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Students as Investigators: Knowledge Providers and Knowledge Producers
 

Students as Investigators: Knowledge Providers and Knowledge Producers

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Author: Alexandra Dobson, University of Wales Newport.

Author: Alexandra Dobson, University of Wales Newport.
Presented at the Research - Teaching in Wales 2011 Conference, 13th -14th September, Gregynog Hall, Newtown (Powys)

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    Students as Investigators: Knowledge Providers and Knowledge Producers Students as Investigators: Knowledge Providers and Knowledge Producers Presentation Transcript

    • Students as Investigators: Knowledge Providers and Knowledge Producers.
      Alexandra Dobson
      Senior lecturer in Law
      Newport Business School
      alexandra.dobson@newport.ac.uk
    • Students as Investigators: Knowledge Providers and Knowledge Producers.
       
       Research - led teaching is linked to post graduate programmes but particularly apposite on undergraduate programmes as it engenders a culture of student research at an early stage.
      Case Study case – learners studying Criminal Law at Level Four in the first year of a Business Studies degree. 
      Methodology - Students were asked to contribute to a Focus Group in order to evaluate the success of this approach and the findings are discussed in the presentation.
       
    • Why Use This Approach?
      QAA Benchmark Statement for Law (2007)
      Seven key areas
      Knowledge
      Application and problem solving
      Sources and Research
      Analysis, synthesis, critical judgement and evaluation
      Autonomy and ability to learn
      Communication and literacy
      Other key skills
    • Criminal Law: Level Four
      ‘Knowledge of the underlying concepts and principles associated with their area(s) of study, and an ability to evaluate and interpret these within the context of that are of study.’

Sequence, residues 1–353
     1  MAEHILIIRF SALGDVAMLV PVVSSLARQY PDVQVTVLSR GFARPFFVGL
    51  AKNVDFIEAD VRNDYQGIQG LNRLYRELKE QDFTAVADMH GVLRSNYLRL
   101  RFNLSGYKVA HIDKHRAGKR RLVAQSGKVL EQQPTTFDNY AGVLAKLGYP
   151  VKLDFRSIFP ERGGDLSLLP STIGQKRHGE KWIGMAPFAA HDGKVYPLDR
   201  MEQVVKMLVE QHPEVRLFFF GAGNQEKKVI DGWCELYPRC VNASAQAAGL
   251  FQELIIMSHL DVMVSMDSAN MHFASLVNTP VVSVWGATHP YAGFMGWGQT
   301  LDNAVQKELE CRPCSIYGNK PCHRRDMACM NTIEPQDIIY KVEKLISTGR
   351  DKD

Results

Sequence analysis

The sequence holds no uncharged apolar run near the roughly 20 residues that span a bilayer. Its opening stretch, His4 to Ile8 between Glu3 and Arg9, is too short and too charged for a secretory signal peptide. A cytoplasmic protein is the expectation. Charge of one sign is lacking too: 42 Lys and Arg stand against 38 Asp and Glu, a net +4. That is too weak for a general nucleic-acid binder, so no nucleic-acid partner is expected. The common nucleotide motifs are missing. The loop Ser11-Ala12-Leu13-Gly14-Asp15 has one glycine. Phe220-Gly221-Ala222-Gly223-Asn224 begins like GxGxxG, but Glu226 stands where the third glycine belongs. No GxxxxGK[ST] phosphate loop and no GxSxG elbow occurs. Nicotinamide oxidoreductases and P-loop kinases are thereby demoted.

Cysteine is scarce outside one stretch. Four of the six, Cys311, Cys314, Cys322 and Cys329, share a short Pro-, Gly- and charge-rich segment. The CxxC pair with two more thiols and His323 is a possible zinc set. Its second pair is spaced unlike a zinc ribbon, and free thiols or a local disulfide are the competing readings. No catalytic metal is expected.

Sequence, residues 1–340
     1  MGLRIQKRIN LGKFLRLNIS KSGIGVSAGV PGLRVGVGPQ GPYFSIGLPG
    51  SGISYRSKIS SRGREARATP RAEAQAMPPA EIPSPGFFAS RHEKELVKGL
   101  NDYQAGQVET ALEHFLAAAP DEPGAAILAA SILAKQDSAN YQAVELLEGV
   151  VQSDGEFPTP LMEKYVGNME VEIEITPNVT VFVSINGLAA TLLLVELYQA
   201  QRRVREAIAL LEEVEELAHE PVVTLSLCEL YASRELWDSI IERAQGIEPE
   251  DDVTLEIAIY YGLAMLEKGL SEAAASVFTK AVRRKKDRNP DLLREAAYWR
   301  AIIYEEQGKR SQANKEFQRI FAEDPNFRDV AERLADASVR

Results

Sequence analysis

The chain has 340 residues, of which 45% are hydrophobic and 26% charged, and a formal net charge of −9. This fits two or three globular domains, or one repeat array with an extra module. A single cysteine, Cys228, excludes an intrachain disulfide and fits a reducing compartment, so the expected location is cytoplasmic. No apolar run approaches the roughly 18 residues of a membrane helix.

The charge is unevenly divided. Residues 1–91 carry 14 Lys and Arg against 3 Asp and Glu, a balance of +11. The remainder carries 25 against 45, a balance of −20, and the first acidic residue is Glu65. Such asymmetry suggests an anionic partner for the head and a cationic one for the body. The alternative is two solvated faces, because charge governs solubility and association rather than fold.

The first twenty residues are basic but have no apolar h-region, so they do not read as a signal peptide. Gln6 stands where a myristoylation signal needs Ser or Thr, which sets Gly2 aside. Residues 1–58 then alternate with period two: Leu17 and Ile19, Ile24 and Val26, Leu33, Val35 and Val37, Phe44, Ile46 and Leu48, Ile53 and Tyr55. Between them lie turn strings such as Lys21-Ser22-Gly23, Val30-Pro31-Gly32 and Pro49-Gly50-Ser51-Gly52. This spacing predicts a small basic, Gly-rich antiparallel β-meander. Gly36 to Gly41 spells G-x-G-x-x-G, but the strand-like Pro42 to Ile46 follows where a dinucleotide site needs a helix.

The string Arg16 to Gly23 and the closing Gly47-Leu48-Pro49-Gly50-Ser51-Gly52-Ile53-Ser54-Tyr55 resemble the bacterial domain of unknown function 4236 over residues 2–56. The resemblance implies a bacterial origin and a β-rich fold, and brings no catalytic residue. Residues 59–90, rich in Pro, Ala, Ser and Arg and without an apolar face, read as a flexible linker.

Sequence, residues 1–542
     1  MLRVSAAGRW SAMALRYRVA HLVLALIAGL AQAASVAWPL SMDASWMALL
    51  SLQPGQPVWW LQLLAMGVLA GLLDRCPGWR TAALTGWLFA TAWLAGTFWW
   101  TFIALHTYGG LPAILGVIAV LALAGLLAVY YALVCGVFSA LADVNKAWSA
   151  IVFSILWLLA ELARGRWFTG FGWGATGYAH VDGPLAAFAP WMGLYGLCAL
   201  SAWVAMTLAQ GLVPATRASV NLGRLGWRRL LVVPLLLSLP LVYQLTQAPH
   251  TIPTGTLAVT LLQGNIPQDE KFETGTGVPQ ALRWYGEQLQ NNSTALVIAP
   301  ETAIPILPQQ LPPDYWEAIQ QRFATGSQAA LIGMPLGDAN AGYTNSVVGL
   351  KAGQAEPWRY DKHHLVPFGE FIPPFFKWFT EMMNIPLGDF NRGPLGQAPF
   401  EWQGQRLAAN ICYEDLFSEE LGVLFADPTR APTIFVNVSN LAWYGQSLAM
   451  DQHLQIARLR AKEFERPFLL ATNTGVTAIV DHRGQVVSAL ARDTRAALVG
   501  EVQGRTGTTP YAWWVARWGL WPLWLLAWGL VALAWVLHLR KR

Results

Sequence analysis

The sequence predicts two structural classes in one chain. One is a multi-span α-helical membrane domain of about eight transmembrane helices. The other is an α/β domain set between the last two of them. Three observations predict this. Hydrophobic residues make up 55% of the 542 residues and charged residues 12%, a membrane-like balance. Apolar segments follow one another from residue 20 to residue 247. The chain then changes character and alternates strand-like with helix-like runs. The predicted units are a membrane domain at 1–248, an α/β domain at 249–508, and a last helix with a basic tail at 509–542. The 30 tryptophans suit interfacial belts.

QAA Benchmark Statement for Law (2007)
    • Knowledge Providers
      Research the Corporate Manslaughter and
      Corporate Homicide Act 2007
      Why Use this as Formative Assessment?
      Tutor research area
      Background to the Legislation – Contentious
      Allows students to ‘adopt’ a pressure group
    • Knowledge Providers
      • Links with other areas of study
      • Moves learner from the role of passive observer to the position of active stakeholder
      Links back to QAA Benchmarks
      Active not Passive
      Student returns as Knowledge Provider
      • A. M. Dobson and T. A. Marsh, 2008. Learning the Law: a pilot study examining challenges facing non-law students studying law. Newport CELT Journal, 1, 23-28
    • Formative assessment research relevant sources evaluated in a group forum stimulates autonomous research- led learning promotes collaborative study and debate.
    • The Process
      Background to the Act.
      Students (14) asked to form small groups and consider the following
      Institute of Directors
      Confederation of British Industry
      Trade Unions – TUC etc
      Victims Families - Families Against Corporate Killing
      Police – Deaths in Custody
      Local Government Association
      Health and Safety Executive
    • The Process
      Why was the Act passed? Remedies a fault line in the common law – Useful link to Legal Frameworks
      Summative Assessment:
      Does the Corporate Manslaughter and Corporate Homicide Act 2007 introduce a form of ameliorated aggregation in relation to senior management failure?
    • The Results
      Some viewpoints:
      ‘I found it useful to look at the Act prior to the final assignment. I was looking at trade unions and it was interesting to see their view.’
      ‘If I think about what I got out of it – it was the chance to work on something and find some answers without being told’